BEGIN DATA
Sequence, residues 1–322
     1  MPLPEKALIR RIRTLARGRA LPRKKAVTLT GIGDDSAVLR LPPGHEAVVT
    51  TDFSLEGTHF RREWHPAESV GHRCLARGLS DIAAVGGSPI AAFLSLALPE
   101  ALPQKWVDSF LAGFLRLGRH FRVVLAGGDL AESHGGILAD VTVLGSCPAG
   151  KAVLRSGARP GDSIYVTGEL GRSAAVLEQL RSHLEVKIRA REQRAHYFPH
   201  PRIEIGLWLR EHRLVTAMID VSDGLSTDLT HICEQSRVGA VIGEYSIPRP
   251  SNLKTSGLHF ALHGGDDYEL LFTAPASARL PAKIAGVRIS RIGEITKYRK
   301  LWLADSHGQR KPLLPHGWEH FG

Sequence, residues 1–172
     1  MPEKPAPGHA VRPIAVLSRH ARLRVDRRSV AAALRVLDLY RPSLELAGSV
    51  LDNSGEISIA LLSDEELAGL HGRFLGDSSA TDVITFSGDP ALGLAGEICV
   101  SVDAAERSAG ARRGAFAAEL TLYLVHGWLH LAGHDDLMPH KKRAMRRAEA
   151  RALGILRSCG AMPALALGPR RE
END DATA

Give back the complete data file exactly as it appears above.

Sequence, residues 1–322
     1  MPLPEKALIR RIRTLARGRA LPRKKAVTLT GIGDDSAVLR LPPGHEAVVT
    51  TDFSLEGTHF RREWHPAESV GHRCLARGLS DIAAVGGSPI AAFLSLALPE
   101  ALPQKWVDSF LAGFLRLGRH FRVVLAGGDL AESHGGILAD VTVLGSCPAG
   151  KAVLRSGARP GDSIYVTGEL GRSAAVLEQL RSHLEVKIRA REQRAHYFPH
   201  PRIEIGLWLR EHRLVTAMID VSDGLSTDLT HICEQSRVGA VIGEYSIPRP
   251  SNLKTSGLHF ALHGGDDYEL LFTAPASARL PAKIAGVRIS RIGEITKYRK
   301  LWLADSHGQR KPLLPHGWEH FG

Sequence, residues 1–172
     1  MPEKPAPGHA VRPIAVLSRH ARLRVDRRSV AAALRVLDLY RPSLELAGSV
    51  LDNSGEISIA LLSDEELAGL HGRFLGDSSA TDVITFSGDP ALGLAGEICV
   101  SVDAAERSAG ARRGAFAAEL TLYLVHGWLH LAGHDDLMPH KKRAMRRAEA
   151  RALGILRSCG AMPALALGPR RE